Monday, August 13, 2018

first Sunday back in the States

Sunday morning, I slept in. The plan was to hit my buddy Mike's place in Fredericksburg, perhaps do some shopping there, then maybe drive out to Skyline Drive to catch the last possible viewing of the Perseid meteor shower. I also had a load of gifts to drop off, so there was that task as well.

My brother David had warned me that traffic along Route 95 south would be bad after noon on Sunday. Sure enough, it was: Route 95 was stop-and-go pretty much the entire way down from Alexandria to Fredericksburg. I've seen articles dealing with this phenomenon, which appears to be a statistical inevitability: the aggregate result of all those drivers' various and seemingly random behaviors is that you end up with compressed, slow-moving patches of traffic alternating with decompressed, fast-moving patches of traffic. Inevitable or not, it was a pain in the ass to alternate between a crawl and a gallop.

I ended up spending about seven hours at Mike's place; in the end, I didn't shop and didn't drive out to see the meteor shower: a huge but brief summer thunderstorm moved into our area, knocking down trees, flooding homes, and depriving the area of electricity, including Mike's residence. Cell coverage was lost, which rendered my mobile hotspot useless. With clouds now dominating the sky, and with the Front Royal forecast sounding gloomy through the night, it didn't seem worthwhile to try either shopping or meteor-gazing. I simply hung out with Mike's family for a while, then drove back home.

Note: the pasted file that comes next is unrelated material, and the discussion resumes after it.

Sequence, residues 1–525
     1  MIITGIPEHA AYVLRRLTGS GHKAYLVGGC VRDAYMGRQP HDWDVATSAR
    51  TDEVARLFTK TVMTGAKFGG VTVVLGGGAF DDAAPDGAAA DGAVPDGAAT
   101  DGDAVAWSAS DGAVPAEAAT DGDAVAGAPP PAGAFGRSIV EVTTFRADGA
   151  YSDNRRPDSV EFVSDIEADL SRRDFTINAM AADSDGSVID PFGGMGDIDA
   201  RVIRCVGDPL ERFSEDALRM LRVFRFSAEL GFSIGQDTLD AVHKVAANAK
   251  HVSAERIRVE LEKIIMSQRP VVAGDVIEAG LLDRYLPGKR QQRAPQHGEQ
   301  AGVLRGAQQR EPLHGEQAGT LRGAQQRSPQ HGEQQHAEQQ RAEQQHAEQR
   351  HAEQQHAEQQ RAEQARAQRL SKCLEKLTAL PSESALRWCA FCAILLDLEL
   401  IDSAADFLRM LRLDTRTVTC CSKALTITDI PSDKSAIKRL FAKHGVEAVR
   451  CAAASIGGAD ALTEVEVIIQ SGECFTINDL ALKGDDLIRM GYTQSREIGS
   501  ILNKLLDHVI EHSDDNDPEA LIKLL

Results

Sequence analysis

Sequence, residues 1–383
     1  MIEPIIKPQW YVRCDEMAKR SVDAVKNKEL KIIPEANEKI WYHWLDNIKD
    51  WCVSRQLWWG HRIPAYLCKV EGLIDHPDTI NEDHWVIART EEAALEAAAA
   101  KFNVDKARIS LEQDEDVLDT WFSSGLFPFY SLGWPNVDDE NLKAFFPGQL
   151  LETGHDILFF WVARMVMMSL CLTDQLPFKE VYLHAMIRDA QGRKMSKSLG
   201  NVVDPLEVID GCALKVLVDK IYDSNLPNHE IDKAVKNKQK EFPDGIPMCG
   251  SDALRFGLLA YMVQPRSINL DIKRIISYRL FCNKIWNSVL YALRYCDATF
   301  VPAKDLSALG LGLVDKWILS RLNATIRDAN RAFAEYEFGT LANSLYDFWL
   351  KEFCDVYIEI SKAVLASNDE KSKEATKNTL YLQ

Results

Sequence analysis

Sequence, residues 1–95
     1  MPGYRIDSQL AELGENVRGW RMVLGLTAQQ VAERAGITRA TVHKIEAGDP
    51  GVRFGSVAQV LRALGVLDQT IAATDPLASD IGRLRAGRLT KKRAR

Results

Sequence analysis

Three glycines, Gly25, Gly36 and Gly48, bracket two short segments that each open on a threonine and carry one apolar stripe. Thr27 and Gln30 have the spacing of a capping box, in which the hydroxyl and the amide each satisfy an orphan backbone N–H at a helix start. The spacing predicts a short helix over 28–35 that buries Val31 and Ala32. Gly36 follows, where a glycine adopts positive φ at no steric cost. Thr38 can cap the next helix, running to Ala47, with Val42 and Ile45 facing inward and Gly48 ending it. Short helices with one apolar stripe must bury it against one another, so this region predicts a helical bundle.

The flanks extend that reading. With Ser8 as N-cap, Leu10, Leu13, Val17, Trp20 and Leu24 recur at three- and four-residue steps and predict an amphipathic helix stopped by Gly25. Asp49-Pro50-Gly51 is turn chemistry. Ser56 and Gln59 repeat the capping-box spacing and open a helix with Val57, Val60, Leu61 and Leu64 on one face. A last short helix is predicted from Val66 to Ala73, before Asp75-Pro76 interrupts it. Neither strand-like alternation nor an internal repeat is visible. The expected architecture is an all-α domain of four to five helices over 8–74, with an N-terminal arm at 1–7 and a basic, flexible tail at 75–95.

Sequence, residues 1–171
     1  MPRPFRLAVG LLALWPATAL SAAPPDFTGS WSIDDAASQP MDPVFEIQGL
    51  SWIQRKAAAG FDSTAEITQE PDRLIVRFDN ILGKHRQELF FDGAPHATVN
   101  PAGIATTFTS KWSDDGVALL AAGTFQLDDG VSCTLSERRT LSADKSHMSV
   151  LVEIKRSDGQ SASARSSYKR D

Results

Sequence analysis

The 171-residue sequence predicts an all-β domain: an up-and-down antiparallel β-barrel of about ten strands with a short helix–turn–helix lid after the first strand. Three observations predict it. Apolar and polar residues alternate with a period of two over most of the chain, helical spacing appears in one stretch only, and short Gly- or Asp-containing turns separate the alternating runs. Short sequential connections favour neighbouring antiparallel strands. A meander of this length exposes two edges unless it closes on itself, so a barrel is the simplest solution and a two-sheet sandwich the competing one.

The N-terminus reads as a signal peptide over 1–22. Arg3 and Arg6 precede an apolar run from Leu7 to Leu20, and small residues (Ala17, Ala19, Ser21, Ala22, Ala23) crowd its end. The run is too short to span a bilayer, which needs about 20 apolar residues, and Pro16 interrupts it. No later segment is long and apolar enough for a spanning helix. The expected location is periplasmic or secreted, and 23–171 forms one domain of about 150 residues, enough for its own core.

Family life strikes me as profoundly nonlinear. I've noted this before, but it's worth repeating: in a family context, you're lucky if you can finish uttering a complete thought without getting interrupted, overruled, or otherwise sidetracked. Mike's kids are great, but they all feel they have something to say, they love saying what they have to say dramatically, and they'll interject without regard for whether someone else is talking. Hilariously, when someone interrupts someone else, the victim of the interruption will loudly call out the rude behavior, but that very loudness only serves to sidetrack or bog down the conversation even further. I'm heading out to my friend Dominique's home in France this October; I'll be curious to hear how his family handles everyday dinner conversation and other forms of discours en famille.

I did, however, have time to chat a bit with Michael's father, who has been spending time with Michael's family since he lost his wife to cancer. I'm going to be coming back to Fredericksburg this coming Saturday for a long-planned wake, at which time I'll meet more old friends and possibly my old high-school French teacher, who was a good friend of Michael's mother.

The drive back to my hotel went a bit faster than the drive down, but not by much. It had stopped raining; much of the temporary flooding had receded by the time I was back on the road. It had been good to see my friend again, even if the ambient family chaos hadn't given us much time to truly sit down and talk. And dinner, which was grilled hamburgers and salad, was delicious.

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